Still from Dexter, Season 1, Episode 11. Here it’s not very clear, but I think the headlines are set in squooshed Arial.

Still from Dexter, Season 1, Episode 11. Again, it’s still not very clear, but I think the headlines are set in squooshed Arial.

Still from Dexter, Season 1, Episode 11. This on the other hand clearly is squooshed Arial. And the heads in force justified Times caps and Times Bold Italic are highly improbable.

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12 Comments:

  1. nice work. thanks again!

    Posted by Simon Robertson on Nov. 18, 2008
  2. This is so type-nerdy – I loves it!

    Posted by Jeff on Nov. 18, 2008
  3. Yves, would you go as far to say that a typeface defines an era/time and if so what would you say defines 2000-2008?

    Posted by Mr X on Nov. 19, 2008
  4. Yves, would you go as far to say that a typeface defines an era/time (…)

    Actually not at all. I was just pointing out that when designing period props you should do some research, to ensure that you don’t use typefaces that were only released in 1990 for a newspaper that’s supposed to date from 1973. ;)

    Posted by Yves Peters on Nov. 19, 2008
  5. This reminds of last weeks episode of The Office, where Jim says to Pam (roughly) “But I thought you were good at Flash.” “Then she says, “yeah, but they just switched to Acrobat, just after I got used to Quark.”

    … Now how hard would it have been to call a graphic designer and ask a simple question. Trivial, but it really bothered me.

    Posted by Joseph Sims on Nov. 19, 2008
  6. Great post. Can you imagine watching TV with Mark Simonson!

    Posted by johno on Nov. 19, 2008
  7. Well, Mark once gave us a pretty accurate description what it’s like to go to the movies with him. That thread is filed in my Typophile Classics folder. Hilarious. ;)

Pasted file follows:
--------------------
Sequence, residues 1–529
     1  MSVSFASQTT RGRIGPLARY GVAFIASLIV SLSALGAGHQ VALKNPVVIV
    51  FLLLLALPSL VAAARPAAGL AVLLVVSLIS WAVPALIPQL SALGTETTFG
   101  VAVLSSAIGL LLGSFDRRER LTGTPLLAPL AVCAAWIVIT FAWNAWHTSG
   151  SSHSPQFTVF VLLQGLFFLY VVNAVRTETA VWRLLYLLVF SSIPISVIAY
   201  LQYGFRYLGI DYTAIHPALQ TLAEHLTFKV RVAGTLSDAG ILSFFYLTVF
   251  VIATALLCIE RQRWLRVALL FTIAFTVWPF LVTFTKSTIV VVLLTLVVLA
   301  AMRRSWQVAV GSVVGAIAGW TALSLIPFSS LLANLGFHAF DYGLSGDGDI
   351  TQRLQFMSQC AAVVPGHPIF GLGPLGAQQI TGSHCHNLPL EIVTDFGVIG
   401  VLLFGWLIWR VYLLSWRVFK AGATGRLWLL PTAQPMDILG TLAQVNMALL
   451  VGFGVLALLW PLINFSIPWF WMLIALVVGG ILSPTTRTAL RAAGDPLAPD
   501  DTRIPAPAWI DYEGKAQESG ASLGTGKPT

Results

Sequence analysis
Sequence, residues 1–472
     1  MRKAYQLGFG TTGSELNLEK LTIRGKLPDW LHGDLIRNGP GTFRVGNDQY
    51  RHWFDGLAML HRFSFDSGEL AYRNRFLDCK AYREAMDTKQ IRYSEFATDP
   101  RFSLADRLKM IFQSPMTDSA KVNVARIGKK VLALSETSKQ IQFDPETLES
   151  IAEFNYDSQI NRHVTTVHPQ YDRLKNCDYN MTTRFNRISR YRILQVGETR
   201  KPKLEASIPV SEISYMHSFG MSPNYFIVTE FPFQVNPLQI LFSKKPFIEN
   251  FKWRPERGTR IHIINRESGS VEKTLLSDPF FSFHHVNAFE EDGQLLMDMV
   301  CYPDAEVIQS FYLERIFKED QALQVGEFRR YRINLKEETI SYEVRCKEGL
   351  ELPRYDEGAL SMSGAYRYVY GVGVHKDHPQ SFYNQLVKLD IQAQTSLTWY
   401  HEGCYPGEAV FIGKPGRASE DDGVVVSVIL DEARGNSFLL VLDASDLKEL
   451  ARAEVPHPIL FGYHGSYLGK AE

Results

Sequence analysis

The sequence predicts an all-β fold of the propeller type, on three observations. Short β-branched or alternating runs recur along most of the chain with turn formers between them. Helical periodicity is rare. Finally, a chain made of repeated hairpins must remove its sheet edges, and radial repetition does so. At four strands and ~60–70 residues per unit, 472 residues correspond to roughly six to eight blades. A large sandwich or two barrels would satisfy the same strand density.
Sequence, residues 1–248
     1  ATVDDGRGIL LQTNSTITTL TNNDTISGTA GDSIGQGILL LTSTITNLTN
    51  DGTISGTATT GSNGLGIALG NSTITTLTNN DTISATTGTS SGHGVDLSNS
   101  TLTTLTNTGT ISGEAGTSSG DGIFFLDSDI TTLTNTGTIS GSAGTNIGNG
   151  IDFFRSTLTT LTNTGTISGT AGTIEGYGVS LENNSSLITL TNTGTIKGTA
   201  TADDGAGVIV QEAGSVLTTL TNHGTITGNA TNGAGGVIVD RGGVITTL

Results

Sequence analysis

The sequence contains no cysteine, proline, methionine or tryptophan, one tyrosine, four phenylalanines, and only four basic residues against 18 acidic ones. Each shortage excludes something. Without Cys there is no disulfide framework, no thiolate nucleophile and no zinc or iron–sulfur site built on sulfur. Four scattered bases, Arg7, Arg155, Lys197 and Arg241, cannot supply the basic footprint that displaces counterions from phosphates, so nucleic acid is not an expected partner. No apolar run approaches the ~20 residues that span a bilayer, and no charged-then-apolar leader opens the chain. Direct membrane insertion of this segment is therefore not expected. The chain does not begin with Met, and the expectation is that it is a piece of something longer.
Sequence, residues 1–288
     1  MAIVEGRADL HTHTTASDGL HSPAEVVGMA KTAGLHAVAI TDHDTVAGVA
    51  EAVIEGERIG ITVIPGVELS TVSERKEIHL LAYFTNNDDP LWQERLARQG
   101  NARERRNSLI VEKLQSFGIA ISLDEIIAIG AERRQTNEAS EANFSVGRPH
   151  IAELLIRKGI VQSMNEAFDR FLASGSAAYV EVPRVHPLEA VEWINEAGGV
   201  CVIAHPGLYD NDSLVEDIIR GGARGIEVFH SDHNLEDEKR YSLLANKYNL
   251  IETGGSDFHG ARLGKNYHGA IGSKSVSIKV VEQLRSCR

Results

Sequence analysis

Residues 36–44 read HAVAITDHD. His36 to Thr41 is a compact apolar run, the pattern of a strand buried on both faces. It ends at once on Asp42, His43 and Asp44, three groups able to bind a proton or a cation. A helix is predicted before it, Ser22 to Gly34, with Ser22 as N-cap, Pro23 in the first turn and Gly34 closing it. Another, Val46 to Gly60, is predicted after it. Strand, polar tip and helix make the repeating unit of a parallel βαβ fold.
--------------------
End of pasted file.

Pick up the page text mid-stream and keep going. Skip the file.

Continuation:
Posted by Yves Peters on Nov. 19, 2008
  8. Sorry for being a bit thick but what’s wrong with Times Roman in the 1970′s? I thought Times was a transitional from ~1800? Or do you simply mean that US papers used Bodoni at that time?

    Posted by Klaas on Nov. 22, 2008
  9. Oh no, it’s not Times that’s wrong — sorry for not making myself entirely clear. It’s the force-justification that’s a typical outgrowth of computer typography. There wasn’t any of that horrendous spacing in the seventies;

    Posted by Yves Peters on Nov. 22, 2008
  10. Thanks for this – as someone who designs movie props, I’m always trying to pound home the point that yes, people DO notice when you get the type all horribly wrong. Sometimes, on a show I’m working on, they’ll have a few props designed by someone else (unbeknownst to me), and then I get to watch the movie and see one of my props appearing next to something that makes you want to gouge out your eyes with a grapefruit spoon. That’s showbiz!

    Posted by Ross MacDonald on Dec. 1, 2008
  11. Huh…went back to my copy of the 49ers and the newspaper’s all wrong. This seems to be a theme in Alan Moore’s work. Lots of written material in Watchmen, and most of it is way off, typewise. Same with The Black Dossier. Part of the problem is he likes to talk so goddamn much that they they tend to use condensed (probably faux) faces just to fit it all in. It seems that For all the lettering sophistication in comics (witness Eisner), nobody thinks about type.

    Posted by Noam Berg on Dec. 12, 2008
  12. I like your wishes

    Posted by Kamron on Dec. 17, 2008